This is a travel guide to Chamonix and the surrounding mountains. Chamonix and the French Alps are ideal for skiers and hikers, making them accessible and fun in the winter or summer. I went to Chamonix in August to escape the heat and boredom of Paris (where just about everything was closed) and to get some fresh air and strenuous exercise. Here are my travel tips.
Getting to Chamonix
I took the TGV from Paris (Gare de Lyon) to Geneva, a trip that takes only 3 hours 15 minutes. From Geneva you can rent a car and be in Chamonix in one hour. If you want to take the train to Chamonix, it will take you five hours with two train changes in between (not the best way to go). If you are coming from outside France, you can fly directly into Geneva airport and rent a car.
Atmosphere of Chamonix
Old world charm, chic and urbane unlike many ski/mountain stations across the border in Switzerland. Chamonix hosted the first Winter Olympics in 1924. Royalty used to (and still) ski and hike in this area. King Albert I of Belgium used to come to Chamonix to ski. Because it has much tradition and has catered to upscale travellers for decades, it does not have the tacky, flashy feel of newer Alpine resorts with their hideous fast food joints and cheap junk shops. The charm and character of Chamonix are what keep people coming back. It boasts of excellent gastronomic restaurants as well as restaurants serving hearty traditional Mont Blanc cuisine.
When to go to Chamonix
You can go any time of the year but the most expensive period (high season) is Christmas, New Year, January and February, in other words, the ski season. Summer months are perfect for hiking, although it can be rainy in early June. There is a low-high season in the summer with prices for hotel rooms lowest in June, highest in August when the town is filled with people and many of the most popular hiking trails feel like a traffic jam. The queues to the Aiguille du Midi are terrible in August and you have to wait a couple of hours just to get on a cable car up to the viewpoint. Then again, many places in France are overcrowded in August (except Paris). If you can’t stand crowds, go hiking in Zermatt. Swiss people don’t all go away in August; however, you will miss the special charm and the good food of Chamonix.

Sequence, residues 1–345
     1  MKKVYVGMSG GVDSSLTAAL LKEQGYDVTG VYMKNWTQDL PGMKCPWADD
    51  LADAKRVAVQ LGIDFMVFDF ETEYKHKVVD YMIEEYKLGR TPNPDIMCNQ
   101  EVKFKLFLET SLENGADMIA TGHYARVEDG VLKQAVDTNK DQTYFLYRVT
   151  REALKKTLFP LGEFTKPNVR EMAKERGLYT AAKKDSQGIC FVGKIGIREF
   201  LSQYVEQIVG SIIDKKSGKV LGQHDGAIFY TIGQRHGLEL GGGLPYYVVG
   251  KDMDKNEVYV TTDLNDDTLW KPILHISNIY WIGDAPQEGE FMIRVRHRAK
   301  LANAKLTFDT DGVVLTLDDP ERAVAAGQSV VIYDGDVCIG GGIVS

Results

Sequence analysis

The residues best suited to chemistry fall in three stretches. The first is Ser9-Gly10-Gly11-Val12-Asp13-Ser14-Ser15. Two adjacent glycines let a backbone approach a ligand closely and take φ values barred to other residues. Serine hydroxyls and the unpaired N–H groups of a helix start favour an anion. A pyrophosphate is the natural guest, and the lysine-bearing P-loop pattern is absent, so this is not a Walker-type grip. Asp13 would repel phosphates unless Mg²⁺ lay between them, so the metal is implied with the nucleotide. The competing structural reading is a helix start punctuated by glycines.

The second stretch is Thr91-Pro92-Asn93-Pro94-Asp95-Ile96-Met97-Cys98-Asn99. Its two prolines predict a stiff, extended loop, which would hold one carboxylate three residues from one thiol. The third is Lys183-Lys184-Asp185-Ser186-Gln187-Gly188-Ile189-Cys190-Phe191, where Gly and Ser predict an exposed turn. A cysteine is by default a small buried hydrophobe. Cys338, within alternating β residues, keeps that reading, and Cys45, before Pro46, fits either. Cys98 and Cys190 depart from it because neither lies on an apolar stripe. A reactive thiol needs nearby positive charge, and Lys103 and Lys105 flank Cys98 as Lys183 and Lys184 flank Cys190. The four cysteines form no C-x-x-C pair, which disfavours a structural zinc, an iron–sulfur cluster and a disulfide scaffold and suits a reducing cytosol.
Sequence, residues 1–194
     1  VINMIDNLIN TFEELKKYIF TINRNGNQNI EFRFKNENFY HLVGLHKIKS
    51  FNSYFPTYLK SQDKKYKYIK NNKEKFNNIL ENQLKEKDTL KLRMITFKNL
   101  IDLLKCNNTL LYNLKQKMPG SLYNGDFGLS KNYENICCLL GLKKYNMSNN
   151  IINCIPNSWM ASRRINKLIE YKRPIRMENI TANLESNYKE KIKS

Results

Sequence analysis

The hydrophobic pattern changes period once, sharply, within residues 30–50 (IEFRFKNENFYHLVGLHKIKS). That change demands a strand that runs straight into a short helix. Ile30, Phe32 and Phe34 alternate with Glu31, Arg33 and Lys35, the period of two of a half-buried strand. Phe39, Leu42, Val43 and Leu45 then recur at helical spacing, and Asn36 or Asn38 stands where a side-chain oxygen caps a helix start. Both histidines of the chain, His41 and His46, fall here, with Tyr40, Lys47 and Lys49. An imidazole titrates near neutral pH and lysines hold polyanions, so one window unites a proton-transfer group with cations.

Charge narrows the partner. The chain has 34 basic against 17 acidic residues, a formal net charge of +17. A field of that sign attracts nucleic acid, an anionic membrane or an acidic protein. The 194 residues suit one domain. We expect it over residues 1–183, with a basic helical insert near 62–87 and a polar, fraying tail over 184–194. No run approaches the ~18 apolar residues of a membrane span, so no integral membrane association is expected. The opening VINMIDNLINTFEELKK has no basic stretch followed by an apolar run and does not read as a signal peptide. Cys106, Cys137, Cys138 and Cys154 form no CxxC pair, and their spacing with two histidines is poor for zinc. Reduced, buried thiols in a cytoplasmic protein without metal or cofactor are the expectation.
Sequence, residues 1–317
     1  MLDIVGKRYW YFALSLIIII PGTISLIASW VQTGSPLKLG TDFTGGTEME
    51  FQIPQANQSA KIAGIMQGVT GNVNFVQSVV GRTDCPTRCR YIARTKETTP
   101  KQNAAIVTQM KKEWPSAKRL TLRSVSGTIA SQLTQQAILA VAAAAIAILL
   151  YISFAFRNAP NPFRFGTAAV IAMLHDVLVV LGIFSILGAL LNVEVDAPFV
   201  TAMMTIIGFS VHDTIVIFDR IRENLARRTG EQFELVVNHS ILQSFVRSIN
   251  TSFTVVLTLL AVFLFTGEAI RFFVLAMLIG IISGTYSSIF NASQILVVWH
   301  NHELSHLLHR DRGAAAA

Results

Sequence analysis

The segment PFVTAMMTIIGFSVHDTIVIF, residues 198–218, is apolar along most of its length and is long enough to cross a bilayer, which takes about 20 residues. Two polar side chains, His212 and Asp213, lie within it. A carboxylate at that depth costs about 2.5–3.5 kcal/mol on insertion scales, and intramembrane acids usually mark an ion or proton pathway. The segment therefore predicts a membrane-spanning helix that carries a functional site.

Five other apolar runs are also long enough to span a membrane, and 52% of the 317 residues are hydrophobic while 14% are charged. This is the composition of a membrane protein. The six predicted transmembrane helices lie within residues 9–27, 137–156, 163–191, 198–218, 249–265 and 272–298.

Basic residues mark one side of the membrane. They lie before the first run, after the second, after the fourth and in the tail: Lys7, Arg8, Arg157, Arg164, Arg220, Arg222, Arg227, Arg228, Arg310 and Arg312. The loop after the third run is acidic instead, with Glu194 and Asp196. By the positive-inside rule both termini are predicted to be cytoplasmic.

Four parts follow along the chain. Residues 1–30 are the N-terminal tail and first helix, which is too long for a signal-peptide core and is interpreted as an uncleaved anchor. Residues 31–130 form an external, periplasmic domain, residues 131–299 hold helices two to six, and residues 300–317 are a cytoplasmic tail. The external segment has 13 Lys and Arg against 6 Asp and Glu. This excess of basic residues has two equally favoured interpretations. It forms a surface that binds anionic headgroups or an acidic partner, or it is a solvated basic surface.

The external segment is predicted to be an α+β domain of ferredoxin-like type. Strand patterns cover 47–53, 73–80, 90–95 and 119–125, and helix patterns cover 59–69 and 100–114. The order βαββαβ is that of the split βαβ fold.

Where to stay in Chamonix
If you want a luxurious place to stay, the best is Hameau Albert 1er with its two-Michelin star restaurant, Albert 1er. I wrote a review of Hameau Albert 1er and I recommend it highly. It is a quiet place with gardens, swimming pool, spa, views of the mountains and excellent, friendly staff. Where you may not want to stay is right in the heart of the town, in front of a busy pedestrian walkway filled with noisy bars, restaurants and shops. Nor would you want to stay on a busy road with cars and trailer homes zooming around all day.
Other hotels recommended by friends are Le Morgane, a modern boutique hotel close to the center but located on a busy street. I don’t know if it’s quiet but if you cannot get a room at Hameau Albert, I am told this is the second best place. Another option is the Grand Hotel des Alpes, built in 1840, located in the center of Chamonix, known for its great views of the mountains.
Where to eat in Chamonix
(1) Albert 1er: This is the one place you must not miss. It has two Michelin stars and serves modern, innovative cuisine based upon local produce and the traditional dishes of the Mont Blanc area. The dining room is quiet and elegant, but not stiff. The staff are friendly and service is proper, but again, not intimidating or frosty. Don’t let the two Michelin stars scare you away. They do have a set course menu at lunch for 39 EUR (appetizer, main course, cheese or dessert) and dinner for 68 EUR (starter, main course, selection of cheeses and desserts, including 2 glasses of wine). They have an amazing selection of cheeses, desserts and wines.